Cryptozoology – imagination, science or folklore?

Staff member Wayne Gerdtz discusses growing up in Victoria's Wimmera-Mallee, where there were persistent tales of strange animal sightings which fell outside the realm of science.

Stories of Pumas, Cougars (which are actually the same thing) or other "Big Cats" living in the Grampians, for example, often seeped into school ground conversations.

As a proto-scientist at this stage of my life (reared on Attenborough, How-and-Why books and old issues of National Geographic) I had developed a degree of scepticism to such stories – I knew to keep my 'bulldust detector' switched on but also kept my mouth shut - after all, everybody loves a good campfire story.

Mounted jaguar
A Thylacine Thylacinus cyanocephalus. Might this be a relative of the Ozenkadnook Tiger? Probably not.

My teenaged mind would sometimes wander - so what if, just supposing for a moment, there really were large felines prowling the forests near Wartook in the Grampians, just an hour's drive away?

On nearly every occasion, the story-teller swore that their tale was true – to cast doubt on the validity was regarded as an insult to the story-teller's family, as inevitably they were retelling something a family member had seen. Hence, keeping the mouth shut was a wise option– it was a small town, after all.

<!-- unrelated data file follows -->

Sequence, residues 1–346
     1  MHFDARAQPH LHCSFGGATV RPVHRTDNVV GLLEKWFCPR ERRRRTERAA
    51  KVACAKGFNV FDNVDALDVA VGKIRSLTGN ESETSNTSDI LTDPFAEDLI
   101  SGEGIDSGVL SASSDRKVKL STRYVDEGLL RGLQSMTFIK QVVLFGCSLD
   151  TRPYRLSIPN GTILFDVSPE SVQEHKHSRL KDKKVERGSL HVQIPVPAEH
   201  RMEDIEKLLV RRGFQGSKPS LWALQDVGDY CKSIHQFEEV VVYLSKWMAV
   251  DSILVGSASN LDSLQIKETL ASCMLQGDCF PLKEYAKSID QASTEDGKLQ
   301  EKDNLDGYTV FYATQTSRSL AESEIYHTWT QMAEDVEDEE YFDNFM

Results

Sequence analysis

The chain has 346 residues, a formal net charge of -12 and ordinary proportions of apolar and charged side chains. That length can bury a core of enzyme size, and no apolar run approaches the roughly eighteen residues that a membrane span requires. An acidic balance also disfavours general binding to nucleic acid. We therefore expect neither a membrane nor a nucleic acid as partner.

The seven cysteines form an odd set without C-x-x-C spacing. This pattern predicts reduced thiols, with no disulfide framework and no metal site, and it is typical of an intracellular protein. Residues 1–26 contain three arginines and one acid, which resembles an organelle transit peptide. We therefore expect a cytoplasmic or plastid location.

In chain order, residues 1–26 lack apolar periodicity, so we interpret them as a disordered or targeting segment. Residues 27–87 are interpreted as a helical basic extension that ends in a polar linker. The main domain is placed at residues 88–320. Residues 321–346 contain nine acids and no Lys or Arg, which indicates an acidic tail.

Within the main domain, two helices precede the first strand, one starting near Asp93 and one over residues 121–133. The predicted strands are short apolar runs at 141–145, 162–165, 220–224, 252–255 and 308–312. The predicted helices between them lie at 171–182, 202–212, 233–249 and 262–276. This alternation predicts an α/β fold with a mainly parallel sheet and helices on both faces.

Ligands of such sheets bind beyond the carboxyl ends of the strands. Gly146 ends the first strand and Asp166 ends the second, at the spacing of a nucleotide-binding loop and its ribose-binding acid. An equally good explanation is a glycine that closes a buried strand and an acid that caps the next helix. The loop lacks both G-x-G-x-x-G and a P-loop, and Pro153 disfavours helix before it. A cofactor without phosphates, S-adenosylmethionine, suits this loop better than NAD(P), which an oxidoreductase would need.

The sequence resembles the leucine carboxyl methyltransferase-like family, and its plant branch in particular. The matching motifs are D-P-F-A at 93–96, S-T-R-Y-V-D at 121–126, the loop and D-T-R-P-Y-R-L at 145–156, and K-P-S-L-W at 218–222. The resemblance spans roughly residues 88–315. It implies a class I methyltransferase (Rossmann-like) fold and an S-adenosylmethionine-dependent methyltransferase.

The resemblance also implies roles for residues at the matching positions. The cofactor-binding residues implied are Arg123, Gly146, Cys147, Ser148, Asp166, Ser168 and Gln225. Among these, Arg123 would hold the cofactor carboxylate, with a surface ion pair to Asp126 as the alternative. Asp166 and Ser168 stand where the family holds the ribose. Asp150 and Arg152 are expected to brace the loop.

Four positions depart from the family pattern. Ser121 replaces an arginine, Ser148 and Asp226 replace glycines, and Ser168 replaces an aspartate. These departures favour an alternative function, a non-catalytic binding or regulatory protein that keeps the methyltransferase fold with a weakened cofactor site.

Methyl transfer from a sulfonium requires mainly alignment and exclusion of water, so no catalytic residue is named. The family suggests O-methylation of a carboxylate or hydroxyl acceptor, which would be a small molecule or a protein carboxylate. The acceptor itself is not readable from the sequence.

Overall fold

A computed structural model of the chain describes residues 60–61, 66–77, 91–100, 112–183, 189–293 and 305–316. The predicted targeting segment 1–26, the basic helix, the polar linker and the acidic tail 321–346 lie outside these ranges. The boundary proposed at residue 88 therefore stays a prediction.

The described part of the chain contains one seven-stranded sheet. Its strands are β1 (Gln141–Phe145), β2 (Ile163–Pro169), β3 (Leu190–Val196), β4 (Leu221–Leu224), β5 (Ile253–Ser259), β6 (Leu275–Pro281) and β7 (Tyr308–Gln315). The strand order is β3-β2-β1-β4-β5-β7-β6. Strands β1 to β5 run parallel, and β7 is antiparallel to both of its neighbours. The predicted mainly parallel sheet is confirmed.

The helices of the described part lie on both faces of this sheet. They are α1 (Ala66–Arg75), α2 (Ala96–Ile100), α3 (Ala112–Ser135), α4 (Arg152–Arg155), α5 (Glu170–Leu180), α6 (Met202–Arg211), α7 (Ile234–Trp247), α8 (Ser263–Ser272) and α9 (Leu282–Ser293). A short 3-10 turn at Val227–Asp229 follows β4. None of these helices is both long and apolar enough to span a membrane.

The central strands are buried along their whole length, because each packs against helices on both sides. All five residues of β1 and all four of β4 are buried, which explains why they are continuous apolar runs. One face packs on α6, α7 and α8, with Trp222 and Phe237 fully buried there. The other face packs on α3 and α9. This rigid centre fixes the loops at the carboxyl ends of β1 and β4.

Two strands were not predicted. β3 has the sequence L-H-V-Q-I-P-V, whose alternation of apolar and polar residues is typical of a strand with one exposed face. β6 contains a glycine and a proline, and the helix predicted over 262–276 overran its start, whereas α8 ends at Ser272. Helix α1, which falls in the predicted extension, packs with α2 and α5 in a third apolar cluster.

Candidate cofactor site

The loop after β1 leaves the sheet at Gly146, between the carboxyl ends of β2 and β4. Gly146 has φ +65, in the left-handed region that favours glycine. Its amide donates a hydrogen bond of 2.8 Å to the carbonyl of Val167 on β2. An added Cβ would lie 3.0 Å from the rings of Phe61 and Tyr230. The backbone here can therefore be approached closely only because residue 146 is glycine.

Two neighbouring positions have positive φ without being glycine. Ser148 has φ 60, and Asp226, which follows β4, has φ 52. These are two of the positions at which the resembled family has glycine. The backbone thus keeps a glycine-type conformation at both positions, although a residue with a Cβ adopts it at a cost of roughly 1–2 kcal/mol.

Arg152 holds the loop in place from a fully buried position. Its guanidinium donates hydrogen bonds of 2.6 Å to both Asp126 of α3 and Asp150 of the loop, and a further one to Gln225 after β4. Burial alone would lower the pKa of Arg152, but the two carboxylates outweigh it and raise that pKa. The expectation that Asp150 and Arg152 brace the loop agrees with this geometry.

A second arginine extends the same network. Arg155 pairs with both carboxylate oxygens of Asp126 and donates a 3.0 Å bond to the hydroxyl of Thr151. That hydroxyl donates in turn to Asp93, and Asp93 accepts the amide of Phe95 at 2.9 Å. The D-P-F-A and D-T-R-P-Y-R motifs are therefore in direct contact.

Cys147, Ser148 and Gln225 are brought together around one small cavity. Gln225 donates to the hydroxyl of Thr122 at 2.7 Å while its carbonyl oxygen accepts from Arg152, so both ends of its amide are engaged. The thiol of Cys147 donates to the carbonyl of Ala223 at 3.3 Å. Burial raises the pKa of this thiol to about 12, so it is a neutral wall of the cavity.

In later years, I had need to move a little over a hundred kilometres to the west and found that a similar local story existed near Mt Arapiles – the stalking ground of the infamous "Ozenkadnook Tiger".

By this stage of my life, my bulldust detector was more finely calibrated, and it pinged incessantly in my head when I heard stories on this animal – but was it really a myth? Everyone who spoke of it swore it was true....but empirical scientific evidence – in the form of clear photographs, verified footprints, samples of fur or other remains - were uniformly thin on the ground, so to speak (although a photograph of an indistinct animal did make its way to the front of the local newspaper in the 1960s, and is analysed in some detail here)

Tasmanian tiger mount
A Thylacine Thylacinus cyanocephalus. Might this be a relative of the Ozenkadnook Tiger? Probably not.

As it transpires, almost every region of rural Australia has their own tales of strange animals, complete with oral accounts, familial anecdotes and rich folkloric traditions, from bunyips to big cats to presumed late-surviving megafauna. Whilst great fun, these stories are the realm of cryptozoology – a mix of folklore, imagination and pseudoscience – defined as the study of animals whose existence has not been proven.

As I'm now a fully-realised scientist, my attitude to cryptozoology is uniform – whether it's Nessie, Bigfoot or the Ozenkadnook Tiger, hard evidence is the cornerstone of the scientific process – without empirical evidence, this is sadly pseudoscience.

So, whilst my bulldust detector remains active and fully charged, nobody would be happier than I to be presented with definitive, empirical evidence of these animals. Sightings, family stories and other anecdotal evidence are simply not enough. In the spirit of true science, we remain unmoved until provided with empirical evidence.

In the meantime, sightings and the like can be lodged via the Australian Rare Fauna Research Association. But not us!

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